It’s still a month before fall sports season officially kicks off. But that doesn’t mean that the athletes aren’t already preparing. Under Illinois High School Association by-laws, each coach is permitted 25 days to work with their team during the summer. Is that the right number?
DeFabo: Last week I was out at Harvard football practice and was talking with some of their three-sport athletes. On a given day, they get to the school at 3 p.m., lift weights and practice until almost 7 p.m. Then they’re at basketball practice from 7 until 9:30 p.m. Meanwhile, they’ve just missed baseball practice. For years, people have been bemoaning the decline of the three-sport athlete. But with all of the directions kids are pulled, it’s becoming almost impossible to keep up with the commitments. A two-sport athlete at Harvard just spent six and a half hours at the school. And this is supposed to be the “off-season.” What are your views, Jon? Are kids being overextended or am I just soft?
Styf: Let me generalize here for a minute. Coaches say they love multi-sport athletes, as long as it doesn’t interfere much with their plans. There have long been issues locally with girls basketball players also playing club volleyball in the winter. What is the priority? Where do you go? If I’m an athlete, I want the college scholarship and want to go to the showcase events. If I’m a coach or a teammate, I don’t like missing players at important times. Much was made out of Tracking Football extrapolating that 224 of 256 players drafted in this year’s NFL draft played two or more sports in high school. Heck, it was even repeated with an inaccurate inflammation. But, the reality is, most (63 percent) of those were football players also competing in track and field, which helps football speed and doesn’t interfere schedulewise. Forty-eight percent of those played basketball and 10 percent played baseball. Tracking Football said, when I asked, that they didn’t see a ton of athletes who played early in their career and then went down to one sport later. That’s the opposite of what I assumed, based on guys like Bryan Bulaga or Jordan Getzelman. At smaller schools, like Harvard, I’m guessing this is a larger issue than at huge schools.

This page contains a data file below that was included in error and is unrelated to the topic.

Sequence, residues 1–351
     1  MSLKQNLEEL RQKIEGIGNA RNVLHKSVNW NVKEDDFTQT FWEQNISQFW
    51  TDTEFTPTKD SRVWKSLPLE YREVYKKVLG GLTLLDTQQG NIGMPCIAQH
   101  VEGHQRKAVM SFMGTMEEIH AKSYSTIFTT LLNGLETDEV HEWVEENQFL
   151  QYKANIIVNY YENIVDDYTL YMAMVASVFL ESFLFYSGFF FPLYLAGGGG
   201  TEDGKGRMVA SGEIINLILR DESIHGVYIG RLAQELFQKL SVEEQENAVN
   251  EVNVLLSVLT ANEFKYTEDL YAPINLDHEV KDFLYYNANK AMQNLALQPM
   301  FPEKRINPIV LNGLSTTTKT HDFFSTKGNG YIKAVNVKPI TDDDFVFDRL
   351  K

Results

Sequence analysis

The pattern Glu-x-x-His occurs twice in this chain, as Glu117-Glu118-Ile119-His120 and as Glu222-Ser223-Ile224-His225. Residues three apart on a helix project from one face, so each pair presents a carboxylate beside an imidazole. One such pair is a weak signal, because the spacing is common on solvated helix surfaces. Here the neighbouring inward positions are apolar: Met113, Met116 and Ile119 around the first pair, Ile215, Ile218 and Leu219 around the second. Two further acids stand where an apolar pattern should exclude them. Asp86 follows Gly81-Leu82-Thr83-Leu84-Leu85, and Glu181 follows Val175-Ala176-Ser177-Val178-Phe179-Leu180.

DeFabo: It’s definitely more of an issue at smaller schools that need to share athletes just to fill the roster. At Harvard, it seems like they recognize this. The baseball coach, Donnie Nolen, tells football players to skip his baseball practices to lessen the burden. Cary-Grove is similar. The coaches section off parts of the summer for different sports so that it takes the decision out of the kids’ hands. Even still, it’s a major time commitment. And like you said, add on the travel baseball and AAU basketball. That doesn’t leave much time for a summer job, and it definitely doesn’t leave them much time to be a kid and relax by the pool.
Styf: Relaxing is for those who finish in second place though, right Mike? #riseandgrind. I get it if you’re an elite athlete, I guess I don’t get it if you’re not. I had plenty of fun during the time I wasn’t playing sports back in high school. I wonder how much that happens now? Maybe that explains why I wasn’t necessarily good at high school athletics, but it really doesn’t matter much to me now. Am I unsuccessful because I didn’t get those life lessons taught by team sports? Is tennis a team sport?
DeFabo: Only if it’s doubles ... I’m sure there are plenty of lessons to be learned outside of a team sport. Like how to execute a perfect cannonball. Or that punching holes in a mason jar won’t keep your fireflies from dying after a day. Oh, and that all of your friends are cheaters and open their eyes underwater when you play Marco Polo.
Styf: It’s tough. In football, not sure there is a perfect solution. You need practice to keep it safe. But how much practice is safe? Restrictions keep coming. In states like Florida and Texas, they have spring football. It officially counts as a spring sport, comes late spring, and they play an exhibition game at the end. Yeah, they work in the summer too. But spring is a good time for new system installs, conditioning and kind of figuring out what you have. Here, it’s trickier and the summer is when that needs to happen. I took a lot of cool trips with my family all over the country during the summer growing up. If you’re a top athlete, however, you can’t really do that. Pretty much, you have to choose.
DeFabo: I would agree that coaches should be permitted some interaction with players. When I worked in West Virginia, there were strict rules about coaches interacting with players during the summer and everyone was always looking for loopholes. The team captains would organize informal practices to get around it. But that’s not productive or safe. I guess my point is that there’s a fine line between working hard and burning kids out. My feeling is that if summer practices took a small step back, more kids would be motivated to play multiple sports.